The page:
Taylor Swift was asked recently about why she's not streaming her music so people can listen for free. This is what she said:
That leads to the streaming question. We've played the game of wondering whether you would have sold hundreds of thousands of fewer copies last week if the album had been available to people for free via those services. To a lot of people, you're a hero for reinforcing that music still has a value. And then there are some people who think you're standing in the way of progress by not giving in to the streaming model. What are your thoughts on all that?
If I had streamed the new album, it's impossible to try to speculate what would have happened. But all I can say is that music is changing so quickly, and the landscape of the music industry itself is changing so quickly, that everything new, like Spotify, all feels to me a bit like a grand experiment. And I'm not willing to contribute my life's work to an experiment that I don't feel fairly compensates the writers, producers, artists, and creators of this music. And I just don't agree with perpetuating the perception that music has no value and should be free. I wrote an op-ed piece in the Wall Street Journal this summer that basically portrayed my views on this. I try to stay really open-minded about things, because I do think it's important to be a part of progress. But I think it's really still up for debate whether this is actual progress, or whether this is taking the word "music" out of the music industry. Also, a lot of people were suggesting to me that I try putting new music on Spotify with "Shake It Off," and so I was open-minded about it. I thought, "I will try this; I'll see how it feels." It didn't feel right to me. I felt like I was saying to my fans, "If you create music someday, if you create a painting someday, someone can just walk into a museum, take it off the wall, rip off a corner off it, and it's theirs now and they don't have to pay for it." I didn't like the perception that it was putting forth. And so I decided to change the way I was doing things.
Now, I know a lot of you probably don't give a fudge about Taylor Swift's music, but I want to open this up to a bigger problem. Why are musicians blaming their problems on free streaming services?
I actually did a presentation on something like this last Fall because I didn't believe that Spotify was at fault for any of the problems the music industry may be having. Here is a great opinion article that explains how I feel about this. You can also read the article that it was in response to from there.
And here's a great excerpt:
So should the recording industry be saved and do musicians need saving? I have no interest in saving the recording industry in its current form, since it was set up to exploit musicians. It pays low royalties to musicians for sales of their work in return for providing money so they can record their work. There are multiple examples of different models within this system – but that is the system as it stands. Along with other musicians, I have often said that we pay back the mortgage but never own the house under this system.Byrne rightly points out that musicians get low royalties from plays on streaming music services. This is because they sign binding contracts with labels. Whenever a label licenses their music catalogue to any entity – TV, film, iTunes, Spotify etc – the label keeps 50% and musicians get to split the rest. There are different arrangements: some labels pay the artist whatever the agreed recording royalty is, which is typically 15-25% depending on the deal. Have musicians ever stopped to think that when music fans don't stream their music in these services, they then get less royalties than Taylor Swift who is streamed a lot?It is not hyperbole to suggest that this generation's music fans want to rent their music, not own it. Spotify may not have created that shift but they certainly provided a solution to easy-access mobile music streaming. They simply saw a consumer demand, just as any company in any marketplace would. I am certain that Spotify would want every single music fan on its service to pay the monthly subscription, but is it Spotify's fault if we choose not to do that and listen to the ad-supported version instead? This generation's music fans are using streaming services to create their own programming. And how many musicians out there in the world use Spotify? I'd bet there are many.Do musicians feel queasy when they listen to FM radio? That is, an ad-supported service that is free to listen to and pays out royalties to music publishers based on radio play – ie, the more artists are played the more they get paid. One thing is certain: when artists remove their music from Spotify they are simply ensuring that they will receive zero royalties from that service. They will also ensure that they are not in a service that provides massive distribution of their work and is not a walled garden like FM radio is.As for the question about how musicians should be compensated, what exactly do Byrne and Yorke expect Spotify to do? The company has already paid out in excess of $500m in royalties, a sum that makes up 70% of the company's revenue. Should they be expected to pay even more than 70% in royalties?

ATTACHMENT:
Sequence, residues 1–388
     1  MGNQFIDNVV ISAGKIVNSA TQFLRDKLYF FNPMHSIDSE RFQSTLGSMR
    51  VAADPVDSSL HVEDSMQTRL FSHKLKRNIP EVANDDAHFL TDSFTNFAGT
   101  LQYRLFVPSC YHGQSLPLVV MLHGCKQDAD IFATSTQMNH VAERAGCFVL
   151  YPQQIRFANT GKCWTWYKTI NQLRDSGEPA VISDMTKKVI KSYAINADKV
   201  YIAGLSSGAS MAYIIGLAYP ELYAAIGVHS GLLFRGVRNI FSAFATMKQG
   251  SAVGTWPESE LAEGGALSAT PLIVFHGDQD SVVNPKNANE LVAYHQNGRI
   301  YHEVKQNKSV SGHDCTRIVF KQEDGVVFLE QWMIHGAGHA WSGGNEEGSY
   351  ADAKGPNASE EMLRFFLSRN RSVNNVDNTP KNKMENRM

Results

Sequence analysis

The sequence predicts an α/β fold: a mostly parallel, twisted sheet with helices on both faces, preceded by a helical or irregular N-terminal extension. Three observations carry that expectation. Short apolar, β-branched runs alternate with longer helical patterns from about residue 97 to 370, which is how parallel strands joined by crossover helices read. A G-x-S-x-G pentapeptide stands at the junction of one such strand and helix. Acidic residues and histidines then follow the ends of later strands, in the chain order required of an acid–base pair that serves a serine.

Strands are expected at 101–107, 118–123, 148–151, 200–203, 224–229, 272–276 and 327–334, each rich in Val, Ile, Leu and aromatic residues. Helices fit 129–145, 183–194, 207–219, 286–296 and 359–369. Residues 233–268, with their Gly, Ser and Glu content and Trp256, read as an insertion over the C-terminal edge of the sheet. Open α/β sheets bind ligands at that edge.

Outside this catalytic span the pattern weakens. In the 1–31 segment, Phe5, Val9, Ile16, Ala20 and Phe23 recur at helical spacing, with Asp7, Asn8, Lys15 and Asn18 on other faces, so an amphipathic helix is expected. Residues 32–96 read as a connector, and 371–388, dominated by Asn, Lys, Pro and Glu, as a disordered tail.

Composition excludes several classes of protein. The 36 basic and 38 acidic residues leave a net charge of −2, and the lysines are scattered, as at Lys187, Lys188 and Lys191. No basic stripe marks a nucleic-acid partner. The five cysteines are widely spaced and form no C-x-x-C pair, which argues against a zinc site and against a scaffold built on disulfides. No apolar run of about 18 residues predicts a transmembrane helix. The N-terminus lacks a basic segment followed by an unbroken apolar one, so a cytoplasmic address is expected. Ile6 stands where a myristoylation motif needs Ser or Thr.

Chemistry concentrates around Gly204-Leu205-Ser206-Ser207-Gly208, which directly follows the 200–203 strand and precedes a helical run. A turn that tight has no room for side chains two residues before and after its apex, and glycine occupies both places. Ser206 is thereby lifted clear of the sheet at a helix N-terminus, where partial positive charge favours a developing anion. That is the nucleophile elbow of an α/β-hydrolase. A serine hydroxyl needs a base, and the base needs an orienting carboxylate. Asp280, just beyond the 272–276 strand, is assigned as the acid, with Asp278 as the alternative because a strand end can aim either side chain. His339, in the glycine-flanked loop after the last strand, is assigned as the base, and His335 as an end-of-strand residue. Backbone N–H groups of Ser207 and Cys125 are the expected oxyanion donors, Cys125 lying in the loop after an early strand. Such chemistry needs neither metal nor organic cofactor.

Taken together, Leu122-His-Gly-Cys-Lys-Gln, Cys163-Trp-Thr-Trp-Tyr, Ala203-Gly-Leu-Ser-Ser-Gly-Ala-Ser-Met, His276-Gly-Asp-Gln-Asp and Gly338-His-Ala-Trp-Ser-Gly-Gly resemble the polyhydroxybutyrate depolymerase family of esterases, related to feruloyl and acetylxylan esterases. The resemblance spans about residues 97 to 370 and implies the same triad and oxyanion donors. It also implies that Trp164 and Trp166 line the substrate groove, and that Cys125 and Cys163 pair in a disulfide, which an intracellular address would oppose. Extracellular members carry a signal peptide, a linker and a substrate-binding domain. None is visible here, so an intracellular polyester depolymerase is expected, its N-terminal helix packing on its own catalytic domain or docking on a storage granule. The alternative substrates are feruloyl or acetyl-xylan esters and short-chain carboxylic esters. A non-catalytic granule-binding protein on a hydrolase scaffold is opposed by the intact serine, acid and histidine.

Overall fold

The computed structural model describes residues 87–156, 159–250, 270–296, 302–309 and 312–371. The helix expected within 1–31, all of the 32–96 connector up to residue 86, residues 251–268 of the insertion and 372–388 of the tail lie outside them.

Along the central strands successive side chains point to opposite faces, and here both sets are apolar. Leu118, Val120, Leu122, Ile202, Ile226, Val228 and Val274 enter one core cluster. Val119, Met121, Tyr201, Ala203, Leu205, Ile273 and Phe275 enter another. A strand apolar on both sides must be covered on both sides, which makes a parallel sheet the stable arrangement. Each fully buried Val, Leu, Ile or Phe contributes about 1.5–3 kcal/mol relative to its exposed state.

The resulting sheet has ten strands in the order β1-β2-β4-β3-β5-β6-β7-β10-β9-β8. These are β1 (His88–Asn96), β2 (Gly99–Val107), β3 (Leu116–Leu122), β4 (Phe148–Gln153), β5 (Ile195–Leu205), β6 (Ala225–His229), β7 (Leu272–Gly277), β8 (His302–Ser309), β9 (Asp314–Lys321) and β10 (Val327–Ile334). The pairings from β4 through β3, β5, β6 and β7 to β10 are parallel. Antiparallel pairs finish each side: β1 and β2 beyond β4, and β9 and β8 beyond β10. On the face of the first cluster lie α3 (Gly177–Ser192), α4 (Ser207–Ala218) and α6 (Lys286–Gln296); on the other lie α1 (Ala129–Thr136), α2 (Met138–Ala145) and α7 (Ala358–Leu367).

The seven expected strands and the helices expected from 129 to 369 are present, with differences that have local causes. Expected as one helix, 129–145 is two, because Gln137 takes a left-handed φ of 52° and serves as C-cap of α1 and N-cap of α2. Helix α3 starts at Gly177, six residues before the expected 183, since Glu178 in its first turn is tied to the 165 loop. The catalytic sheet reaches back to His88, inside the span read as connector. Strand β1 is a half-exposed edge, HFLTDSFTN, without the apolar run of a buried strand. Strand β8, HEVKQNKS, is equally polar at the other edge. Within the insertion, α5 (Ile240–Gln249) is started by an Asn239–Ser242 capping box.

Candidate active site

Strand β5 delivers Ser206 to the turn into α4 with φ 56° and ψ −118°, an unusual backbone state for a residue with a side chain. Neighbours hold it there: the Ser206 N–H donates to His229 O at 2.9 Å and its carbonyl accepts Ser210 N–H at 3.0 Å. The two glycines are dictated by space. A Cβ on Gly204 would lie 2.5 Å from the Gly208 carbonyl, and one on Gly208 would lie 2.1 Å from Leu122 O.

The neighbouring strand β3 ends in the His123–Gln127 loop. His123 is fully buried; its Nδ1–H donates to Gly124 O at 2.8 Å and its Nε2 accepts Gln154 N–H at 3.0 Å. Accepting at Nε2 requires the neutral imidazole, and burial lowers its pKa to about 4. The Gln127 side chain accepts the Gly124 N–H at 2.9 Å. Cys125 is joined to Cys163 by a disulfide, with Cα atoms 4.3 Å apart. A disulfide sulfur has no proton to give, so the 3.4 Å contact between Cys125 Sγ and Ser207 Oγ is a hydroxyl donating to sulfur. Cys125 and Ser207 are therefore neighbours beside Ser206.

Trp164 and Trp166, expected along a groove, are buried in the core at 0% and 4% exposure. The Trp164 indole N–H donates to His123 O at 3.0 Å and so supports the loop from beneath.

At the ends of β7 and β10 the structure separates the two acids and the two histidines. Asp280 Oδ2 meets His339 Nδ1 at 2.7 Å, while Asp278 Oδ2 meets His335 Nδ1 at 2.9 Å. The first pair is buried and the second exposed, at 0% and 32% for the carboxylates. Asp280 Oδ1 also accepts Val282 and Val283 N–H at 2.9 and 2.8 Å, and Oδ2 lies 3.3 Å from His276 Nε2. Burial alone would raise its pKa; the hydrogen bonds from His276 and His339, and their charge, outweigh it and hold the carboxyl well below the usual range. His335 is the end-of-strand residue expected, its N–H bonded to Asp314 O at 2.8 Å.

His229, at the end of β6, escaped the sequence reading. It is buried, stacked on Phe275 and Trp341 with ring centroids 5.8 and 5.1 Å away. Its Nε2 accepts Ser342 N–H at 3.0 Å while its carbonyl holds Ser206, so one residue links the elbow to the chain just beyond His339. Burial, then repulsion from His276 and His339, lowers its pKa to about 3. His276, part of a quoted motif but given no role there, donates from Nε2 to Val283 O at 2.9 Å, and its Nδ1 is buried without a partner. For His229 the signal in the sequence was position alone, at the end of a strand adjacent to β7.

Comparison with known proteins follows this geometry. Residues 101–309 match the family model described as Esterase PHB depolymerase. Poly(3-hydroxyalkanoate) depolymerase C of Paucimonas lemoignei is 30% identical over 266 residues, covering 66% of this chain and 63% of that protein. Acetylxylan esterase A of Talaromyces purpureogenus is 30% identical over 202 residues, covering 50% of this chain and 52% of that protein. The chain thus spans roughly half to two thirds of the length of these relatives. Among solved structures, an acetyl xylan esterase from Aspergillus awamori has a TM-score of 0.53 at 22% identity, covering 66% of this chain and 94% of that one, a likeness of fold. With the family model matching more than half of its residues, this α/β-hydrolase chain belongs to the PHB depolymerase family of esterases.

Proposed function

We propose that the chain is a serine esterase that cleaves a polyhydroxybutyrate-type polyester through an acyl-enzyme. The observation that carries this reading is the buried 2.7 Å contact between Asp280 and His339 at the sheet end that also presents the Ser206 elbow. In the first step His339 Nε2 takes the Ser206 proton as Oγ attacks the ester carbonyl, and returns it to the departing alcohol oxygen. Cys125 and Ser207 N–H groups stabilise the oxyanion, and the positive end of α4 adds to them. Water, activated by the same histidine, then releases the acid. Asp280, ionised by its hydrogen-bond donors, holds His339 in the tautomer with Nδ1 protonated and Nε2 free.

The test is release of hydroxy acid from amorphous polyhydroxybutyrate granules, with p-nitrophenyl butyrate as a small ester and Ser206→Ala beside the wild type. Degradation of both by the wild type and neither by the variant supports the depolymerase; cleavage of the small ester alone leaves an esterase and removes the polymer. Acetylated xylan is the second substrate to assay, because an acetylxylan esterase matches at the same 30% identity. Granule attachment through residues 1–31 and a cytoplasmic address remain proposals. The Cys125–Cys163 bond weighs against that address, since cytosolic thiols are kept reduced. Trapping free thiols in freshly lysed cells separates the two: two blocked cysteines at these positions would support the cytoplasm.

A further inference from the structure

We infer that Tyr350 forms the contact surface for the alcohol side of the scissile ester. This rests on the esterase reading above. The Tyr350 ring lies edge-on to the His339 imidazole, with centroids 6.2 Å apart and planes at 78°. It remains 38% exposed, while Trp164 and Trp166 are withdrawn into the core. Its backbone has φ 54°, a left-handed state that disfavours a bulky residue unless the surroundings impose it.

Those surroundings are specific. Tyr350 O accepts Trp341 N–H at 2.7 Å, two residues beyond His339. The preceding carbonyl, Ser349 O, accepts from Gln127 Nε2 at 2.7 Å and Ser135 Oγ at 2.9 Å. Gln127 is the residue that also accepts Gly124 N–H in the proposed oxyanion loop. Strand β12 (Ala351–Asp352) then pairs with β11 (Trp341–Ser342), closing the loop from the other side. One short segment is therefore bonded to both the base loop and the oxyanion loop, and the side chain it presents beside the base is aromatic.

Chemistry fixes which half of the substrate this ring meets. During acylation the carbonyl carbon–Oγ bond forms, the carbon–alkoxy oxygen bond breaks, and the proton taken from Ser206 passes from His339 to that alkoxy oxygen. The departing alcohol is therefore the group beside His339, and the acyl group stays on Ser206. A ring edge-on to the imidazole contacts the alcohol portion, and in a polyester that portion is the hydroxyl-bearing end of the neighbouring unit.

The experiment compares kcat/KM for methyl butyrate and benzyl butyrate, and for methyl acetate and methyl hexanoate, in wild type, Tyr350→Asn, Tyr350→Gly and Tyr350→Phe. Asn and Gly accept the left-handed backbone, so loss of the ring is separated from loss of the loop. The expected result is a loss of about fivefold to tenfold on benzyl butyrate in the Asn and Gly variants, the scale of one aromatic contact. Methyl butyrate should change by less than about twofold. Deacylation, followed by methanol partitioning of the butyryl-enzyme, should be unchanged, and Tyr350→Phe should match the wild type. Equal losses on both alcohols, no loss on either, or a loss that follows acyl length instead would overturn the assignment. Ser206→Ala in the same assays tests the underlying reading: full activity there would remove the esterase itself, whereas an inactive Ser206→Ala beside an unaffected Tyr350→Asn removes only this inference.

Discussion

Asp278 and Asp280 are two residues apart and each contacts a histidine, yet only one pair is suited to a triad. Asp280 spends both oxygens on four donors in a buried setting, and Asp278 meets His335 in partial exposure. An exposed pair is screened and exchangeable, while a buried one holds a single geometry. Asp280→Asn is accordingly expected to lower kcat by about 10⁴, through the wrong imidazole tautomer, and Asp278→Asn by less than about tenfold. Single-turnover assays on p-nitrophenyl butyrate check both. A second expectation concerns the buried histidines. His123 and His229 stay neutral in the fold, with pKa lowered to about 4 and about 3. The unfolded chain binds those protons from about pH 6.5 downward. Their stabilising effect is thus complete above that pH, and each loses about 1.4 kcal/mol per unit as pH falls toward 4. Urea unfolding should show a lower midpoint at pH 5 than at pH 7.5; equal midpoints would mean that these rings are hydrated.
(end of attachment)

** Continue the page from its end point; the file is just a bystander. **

So, how do you feel about this? Do you think it's fair for musicians to blame their problems on free streaming services? They have every right to pull their music from Spotify, but do you think they're making a mistake when they do? Do you think that it's just a problem with the music industry in general these days?
Any other thoughts on this? Discuss.